Setting at (single area AF) is perfectly acceptable in your shooting of portraits.

While in "single area AF", are you sure you have the focus point selected for the (center)?..and NOT one of the outer areas?
There is a (lock) switch below the navigation wheel of your camera. Is it "locked" and is the sensor lighting up in the middle of the view finder when you focus? If not locked, it is easy to touch the navigation wheel and MOVE the focus point.
The fact that this seems to happen only when you are further away from your subject and not close up, leads me to think this is the problem.

If this is not the problem, you will have to do some tests. Focus on houses, an apple etc and check your results.

"Back Focus" does not seem to be the problem since you say it happens with all your lenses.


Pete


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2/11/2008 5:33:23 AM

 
Leeandrea Benton
BetterPhoto Member Since: 8/30/2006
  Actually, Pete, I DO always use the outer sensors when I take pictures from that distance. I guess since the subject's eyes would'nt be in the center of the frame from that distance. I never gave a second thought to the outer sensors being weaker than the center. I will definitely try that. I bet that's that my problem! (I'll let you know)
Thanks!


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2/11/2008 12:07:34 PM

 
Leeandrea Benton
BetterPhoto Member Since: 8/30/2006
 
 
  70mm
70mm
Auto-using flash.
© Leeandrea Benton
Nikon D80 Digital ...
 
  50mm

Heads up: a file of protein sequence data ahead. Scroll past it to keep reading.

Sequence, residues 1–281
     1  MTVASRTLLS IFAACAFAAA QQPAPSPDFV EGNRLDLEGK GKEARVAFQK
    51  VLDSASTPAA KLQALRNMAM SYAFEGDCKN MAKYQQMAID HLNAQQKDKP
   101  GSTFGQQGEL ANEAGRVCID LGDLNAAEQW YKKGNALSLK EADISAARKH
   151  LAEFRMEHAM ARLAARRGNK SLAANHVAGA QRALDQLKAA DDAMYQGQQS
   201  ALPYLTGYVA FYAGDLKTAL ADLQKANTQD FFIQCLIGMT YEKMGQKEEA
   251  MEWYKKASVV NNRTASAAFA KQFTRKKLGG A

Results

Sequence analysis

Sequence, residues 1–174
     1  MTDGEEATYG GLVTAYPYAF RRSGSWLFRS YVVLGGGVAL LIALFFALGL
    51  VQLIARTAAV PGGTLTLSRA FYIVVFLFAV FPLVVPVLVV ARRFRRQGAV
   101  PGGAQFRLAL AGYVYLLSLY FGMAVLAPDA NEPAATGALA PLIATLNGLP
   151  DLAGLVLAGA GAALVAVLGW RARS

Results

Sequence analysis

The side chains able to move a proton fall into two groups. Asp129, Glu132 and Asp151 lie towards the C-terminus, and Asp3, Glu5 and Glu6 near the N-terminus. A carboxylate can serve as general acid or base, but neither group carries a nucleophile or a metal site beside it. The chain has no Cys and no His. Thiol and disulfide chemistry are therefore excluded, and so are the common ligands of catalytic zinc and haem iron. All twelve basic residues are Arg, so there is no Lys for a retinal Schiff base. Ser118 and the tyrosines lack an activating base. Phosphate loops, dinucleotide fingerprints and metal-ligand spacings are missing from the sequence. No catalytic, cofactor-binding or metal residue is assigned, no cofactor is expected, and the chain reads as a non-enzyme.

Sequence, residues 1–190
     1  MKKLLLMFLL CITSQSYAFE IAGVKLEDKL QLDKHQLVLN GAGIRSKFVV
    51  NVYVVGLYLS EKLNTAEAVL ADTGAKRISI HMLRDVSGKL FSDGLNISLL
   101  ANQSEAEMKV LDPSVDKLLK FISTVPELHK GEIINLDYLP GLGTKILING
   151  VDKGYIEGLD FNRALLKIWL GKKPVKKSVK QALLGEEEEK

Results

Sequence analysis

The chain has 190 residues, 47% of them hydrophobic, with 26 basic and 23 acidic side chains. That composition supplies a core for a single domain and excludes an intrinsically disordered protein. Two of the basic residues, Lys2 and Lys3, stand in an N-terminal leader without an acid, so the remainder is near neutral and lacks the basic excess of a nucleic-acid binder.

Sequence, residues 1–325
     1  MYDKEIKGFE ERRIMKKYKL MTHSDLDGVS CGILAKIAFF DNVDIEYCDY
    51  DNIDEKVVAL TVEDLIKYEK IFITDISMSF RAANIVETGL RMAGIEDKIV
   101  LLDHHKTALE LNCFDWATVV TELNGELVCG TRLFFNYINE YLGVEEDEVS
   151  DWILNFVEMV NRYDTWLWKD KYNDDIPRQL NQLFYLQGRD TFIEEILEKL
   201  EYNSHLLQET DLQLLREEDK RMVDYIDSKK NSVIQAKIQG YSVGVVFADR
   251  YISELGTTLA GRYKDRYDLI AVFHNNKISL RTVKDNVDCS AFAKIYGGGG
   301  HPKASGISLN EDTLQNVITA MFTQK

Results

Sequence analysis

50mm
Auto-using flash.
© Leeandrea Benton
Nikon D80 Digital ...
 
  40mm
40mm
Auto-using flash.
© Leeandrea Benton
Nikon D80 Digital ...
 
  31mm
31mm
Auto-using flash.
© Leeandrea Benton
Nikon D80 Digital ...
 
  18mm
18mm
Auto-using flash.
© Leeandrea Benton
Nikon D80 Digital ...
 
 
OK, I ended up doing a little test. I took these pictures in the same spot, using the center AF sensor, with various focal lengths. There is a VERY noticeable difference in clarity the shorter the length. I was about 5 feet from the subject the whole time. I don't know what to do to fix this.


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2/11/2008 2:41:23 PM

 
William Schuette
BetterPhoto Member Since: 9/8/2006
  Hi Leeandreea, if I understand correctly, you are shooting at different focal lengths from different distances. At the shorter focal lemgths you may be at or beyond the lens' minimum focusing distance ay 5 feet. Check the info on your lens and see what its minimum focusing distance is.

Bill


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2/19/2008 8:23:20 PM

 
Leeandrea Benton
BetterPhoto Member Since: 8/30/2006
  Hi Bill, I was shooting at different focal lengths but from the same distance of 5 feet. I just used the same zoom/crop on those pics to show the difference in quality.
My problem is that it won't focus if I'm far away like 4 or 5 feet. I'm always higher than the minimum focus distance when I have this problem, though...


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2/19/2008 8:47:07 PM

 
William Schuette
BetterPhoto Member Since: 9/8/2006
  What focus mode are you using?


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2/20/2008 4:04:28 AM

 
Leeandrea Benton
BetterPhoto Member Since: 8/30/2006
  Single area and Servo


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2/20/2008 4:11:53 AM

 
William Schuette
BetterPhoto Member Since: 9/8/2006
  Leeandrea, the only additional things I can think of before taking the camera to someone to have it checked out is 1) does it do the same thing with all lenses? If not, it is probably a lens issue, and 2) On Nikon DSLRs you can generally move the autofocus control from the shutter release to the AF-On button using your menus. This is something I do on all of my cameras because it allows me to prefocus by pressing the AF-On button with my thumb and then recompose without worrying that the camera will refocus when I press the shutter release. You may want to try this to see whether your focusing issues are caused by the camera locking on to slightly different spots.

Bill


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2/21/2008 3:36:28 AM